Although Ben Gvir is sitting in the second spot in their alliance, below Smotrich, a Saturday poll by Channel 12 found that Ben Gvir is the more popular figure. When asked who is the leading personality on their slate, 52% of voters said Ben Gvir, with only 17% citing Smotrich and the rest unsure.
Smotrich — who in 2005 was arrested by the Shin Bet on suspicion of organizing violent protests against the Gaza disengagement but was never charged, and later organized an anti-gay “Beast Parade” to rival Jerusalem’s pride parade — was once the poster child for hard-right parliamentarians. Yet, with Ben Gvir as a foil, he has of late been cast as a more moderate voice.
On Saturday, Smotrich said that Ben Gvir’s increasing popularity is “refreshing” as an antidote to “political correctness.”
“The strengthening of the popularity of Itamar Ben Gvir in the Israeli public is one of the more refreshing and optimistic [trends] in Israeli society, because it is sobering up after many years of political correctness, which has taken over the conversation,” Smotrich told Channel 12. “This nation is returning to the instinctual, natural discussion of a healthy nation…which knows how to define who exactly is its enemy.”
As far as defining enemies goes, Ben Gvir has advocated for deporting Arabs who attack military personnel or who are “disloyal,” for annexing the heavily Palestinian-populated West Bank, and for Israel to flex its muscles on Jerusalem’s Temple Mount.
He has also come out against political partnerships and romantic relationships between Arabs and Jews, and has partnered with openly homophobic politicians Smotrich and Noam’s Avi Maoz.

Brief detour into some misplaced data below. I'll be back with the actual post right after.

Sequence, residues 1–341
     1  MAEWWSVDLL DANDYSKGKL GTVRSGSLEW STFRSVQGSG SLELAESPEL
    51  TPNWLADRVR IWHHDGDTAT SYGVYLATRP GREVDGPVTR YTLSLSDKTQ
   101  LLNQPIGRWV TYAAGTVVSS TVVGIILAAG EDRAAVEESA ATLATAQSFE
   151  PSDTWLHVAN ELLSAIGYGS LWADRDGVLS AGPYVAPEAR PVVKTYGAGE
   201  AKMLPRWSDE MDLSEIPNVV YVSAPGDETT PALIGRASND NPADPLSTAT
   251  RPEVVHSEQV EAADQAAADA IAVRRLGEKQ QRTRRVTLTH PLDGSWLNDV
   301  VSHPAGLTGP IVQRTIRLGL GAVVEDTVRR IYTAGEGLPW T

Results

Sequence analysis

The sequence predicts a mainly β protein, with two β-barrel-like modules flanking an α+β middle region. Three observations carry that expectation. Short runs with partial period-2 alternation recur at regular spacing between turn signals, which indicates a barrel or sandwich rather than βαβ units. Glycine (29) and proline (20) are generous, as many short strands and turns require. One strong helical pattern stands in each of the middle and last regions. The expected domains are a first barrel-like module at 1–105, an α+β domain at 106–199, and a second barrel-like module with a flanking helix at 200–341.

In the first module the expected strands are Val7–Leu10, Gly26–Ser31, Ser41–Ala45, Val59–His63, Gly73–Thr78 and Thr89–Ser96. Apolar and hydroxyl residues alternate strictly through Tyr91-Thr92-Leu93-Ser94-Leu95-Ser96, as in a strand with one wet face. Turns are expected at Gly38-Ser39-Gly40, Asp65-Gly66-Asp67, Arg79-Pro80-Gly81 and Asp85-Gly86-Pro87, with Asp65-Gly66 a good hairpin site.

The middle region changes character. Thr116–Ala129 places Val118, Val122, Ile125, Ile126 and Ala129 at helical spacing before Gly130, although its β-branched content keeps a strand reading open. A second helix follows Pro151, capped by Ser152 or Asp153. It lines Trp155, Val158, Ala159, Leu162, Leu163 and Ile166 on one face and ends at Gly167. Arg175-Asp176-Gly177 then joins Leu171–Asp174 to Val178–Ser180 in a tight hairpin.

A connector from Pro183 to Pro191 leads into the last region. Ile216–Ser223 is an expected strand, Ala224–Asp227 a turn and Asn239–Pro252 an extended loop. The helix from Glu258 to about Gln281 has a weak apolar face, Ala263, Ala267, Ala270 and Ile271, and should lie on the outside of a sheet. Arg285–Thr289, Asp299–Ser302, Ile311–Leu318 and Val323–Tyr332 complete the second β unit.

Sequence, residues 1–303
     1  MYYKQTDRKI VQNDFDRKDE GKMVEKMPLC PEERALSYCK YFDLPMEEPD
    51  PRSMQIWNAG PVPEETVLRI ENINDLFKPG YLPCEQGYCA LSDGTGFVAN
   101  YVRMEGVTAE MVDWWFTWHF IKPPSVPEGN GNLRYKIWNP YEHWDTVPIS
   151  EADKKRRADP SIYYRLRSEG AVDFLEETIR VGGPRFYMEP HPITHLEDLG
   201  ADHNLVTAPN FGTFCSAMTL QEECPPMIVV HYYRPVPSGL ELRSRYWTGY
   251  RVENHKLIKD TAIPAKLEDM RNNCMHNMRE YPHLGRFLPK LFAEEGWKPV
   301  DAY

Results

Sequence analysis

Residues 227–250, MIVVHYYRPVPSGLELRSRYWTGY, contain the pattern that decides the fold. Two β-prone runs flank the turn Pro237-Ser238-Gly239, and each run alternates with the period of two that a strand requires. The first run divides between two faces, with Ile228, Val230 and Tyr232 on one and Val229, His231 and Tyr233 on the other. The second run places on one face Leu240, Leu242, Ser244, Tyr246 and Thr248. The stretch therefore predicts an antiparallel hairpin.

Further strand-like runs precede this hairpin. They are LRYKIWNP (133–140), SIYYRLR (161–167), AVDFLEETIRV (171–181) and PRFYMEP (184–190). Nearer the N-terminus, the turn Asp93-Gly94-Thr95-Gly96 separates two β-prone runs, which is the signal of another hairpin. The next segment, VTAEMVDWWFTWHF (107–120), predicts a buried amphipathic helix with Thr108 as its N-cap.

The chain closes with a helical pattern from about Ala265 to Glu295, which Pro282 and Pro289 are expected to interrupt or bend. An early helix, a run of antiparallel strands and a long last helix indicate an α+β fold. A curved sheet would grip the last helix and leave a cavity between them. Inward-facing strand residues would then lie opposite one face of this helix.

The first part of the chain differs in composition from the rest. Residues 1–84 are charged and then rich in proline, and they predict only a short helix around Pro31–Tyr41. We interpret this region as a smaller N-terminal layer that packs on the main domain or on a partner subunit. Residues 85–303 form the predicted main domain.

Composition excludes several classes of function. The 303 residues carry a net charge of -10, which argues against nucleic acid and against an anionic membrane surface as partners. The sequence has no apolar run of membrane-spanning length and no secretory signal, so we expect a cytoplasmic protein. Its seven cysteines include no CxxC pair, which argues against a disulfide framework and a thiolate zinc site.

In June, Ben Gvir’s wife told Army Radio that although they took down their living room picture of Jewish terrorist Baruch Goldstein “because of internal demands from the right-wing,” they’ve kept the portrait of late racist rabbi Meir Kahane, with whose ideology Ben Gvir has associated himself. “I just hang pictures that I receive as a gift,” she said.
Ben Gvir’s own party candidate, Almog Cohen, was recorded in September telling activists that the party’s toned-down messaging was a campaign “trick” to mollify voters and to subvert rules against candidates holding racist views.
Although Ben Gvir’s normalization has been swift, it has yet to be completed. While Netanyahu has reportedly been meeting with Ben Gvir to discuss campaign strategy, he has assiduously avoided being photographed with the Otzma Yehudit leader.
— כאן חדשות (@kann_news) October 17, 2022
This came to an embarrassing head on Monday night, when Netanyahu refused to take the stage at a campaign event until Ben Gvir vacated it. A video shows Ben Gvir being awkwardly hustled off the platform before Netanyahu arrived. Army Radio reported on Tuesday morning that a Netanyahu adviser told Ben Gvir that they wanted to avoid a picture with him in order to not hurt chances to build a “broad” coalition after the election.
With his nationalist-Orthodox bloc of Likud, Religious Zionism, Shas and United Torah Judaism still polling at 59-60, just short of a majority in the 120-seat Knesset, Netanyahu reaffirmed in a Tuesday video message that he plans to form a post-election government with Ben Gvir, Smotrich, and the ultra-Orthodox parties.
Whether Likud ultimately reaches beyond its right-religious core remains to be seen in the post-election results and coalition negotiations, as does a further verdict on whether or not Ben Gvir’s koshering process has been completed — possibly in a photo of the next government’s lineup of ministers.